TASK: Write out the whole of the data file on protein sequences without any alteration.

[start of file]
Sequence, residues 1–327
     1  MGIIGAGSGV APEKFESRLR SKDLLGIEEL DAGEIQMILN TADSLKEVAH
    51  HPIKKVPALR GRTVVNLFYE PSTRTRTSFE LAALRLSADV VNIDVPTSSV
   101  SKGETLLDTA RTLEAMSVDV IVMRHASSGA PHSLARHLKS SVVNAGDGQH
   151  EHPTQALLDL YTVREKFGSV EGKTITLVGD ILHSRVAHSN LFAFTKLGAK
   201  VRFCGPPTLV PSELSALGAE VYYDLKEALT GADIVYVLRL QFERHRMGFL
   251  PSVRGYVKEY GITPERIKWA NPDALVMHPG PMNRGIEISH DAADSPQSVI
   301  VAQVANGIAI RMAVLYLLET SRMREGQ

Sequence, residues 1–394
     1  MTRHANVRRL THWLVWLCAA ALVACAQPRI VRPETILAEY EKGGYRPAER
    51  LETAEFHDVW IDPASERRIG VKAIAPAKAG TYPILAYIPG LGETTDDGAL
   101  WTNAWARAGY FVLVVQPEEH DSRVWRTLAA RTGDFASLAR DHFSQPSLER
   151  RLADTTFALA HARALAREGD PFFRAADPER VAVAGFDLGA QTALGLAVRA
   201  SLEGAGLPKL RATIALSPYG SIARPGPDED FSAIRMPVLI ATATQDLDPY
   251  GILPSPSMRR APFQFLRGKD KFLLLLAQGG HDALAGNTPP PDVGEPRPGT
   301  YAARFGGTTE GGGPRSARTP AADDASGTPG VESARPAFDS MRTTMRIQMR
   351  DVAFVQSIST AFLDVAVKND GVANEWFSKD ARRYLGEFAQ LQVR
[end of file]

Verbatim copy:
Sequence, residues 1–327
     1  MGIIGAGSGV APEKFESRLR SKDLLGIEEL DAGEIQMILN TADSLKEVAH
    51  HPIKKVPALR GRTVVNLFYE PSTRTRTSFE LAALRLSADV VNIDVPTSSV
   101  SKGETLLDTA RTLEAMSVDV IVMRHASSGA PHSLARHLKS SVVNAGDGQH
   151  EHPTQALLDL YTVREKFGSV EGKTITLVGD ILHSRVAHSN LFAFTKLGAK
   201  VRFCGPPTLV PSELSALGAE VYYDLKEALT GADIVYVLRL QFERHRMGFL
   251  PSVRGYVKEY GITPERIKWA NPDALVMHPG PMNRGIEISH DAADSPQSVI
   301  VAQVANGIAI RMAVLYLLET SRMREGQ

Sequence, residues 1–394
     1  MTRHANVRRL THWLVWLCAA ALVACAQPRI VRPETILAEY EKGGYRPAER
    51  LETAEFHDVW IDPASERRIG VKAIAPAKAG TYPILAYIPG LGETTDDGAL
   101  WTNAWARAGY FVLVVQPEEH DSRVWRTLAA RTGDFASLAR DHFSQPSLER
   151  RLADTTFALA HARALAREGD PFFRAADPER VAVAGFDLGA QTALGLAVRA
   201  SLEGAGLPKL RATIALSPYG SIARPGPDED FSAIRMPVLI ATATQDLDPY
   251  GILPSPSMRR APFQFLRGKD KFLLLLAQGG HDALAGNTPP PDVGEPRPGT
   301  YAARFGGTTE GGGPRSARTP AADDASGTPG VESARPAFDS MRTTMRIQMR
   351  DVAFVQSIST AFLDVAVKND GVANEWFSKD ARRYLGEFAQ LQVR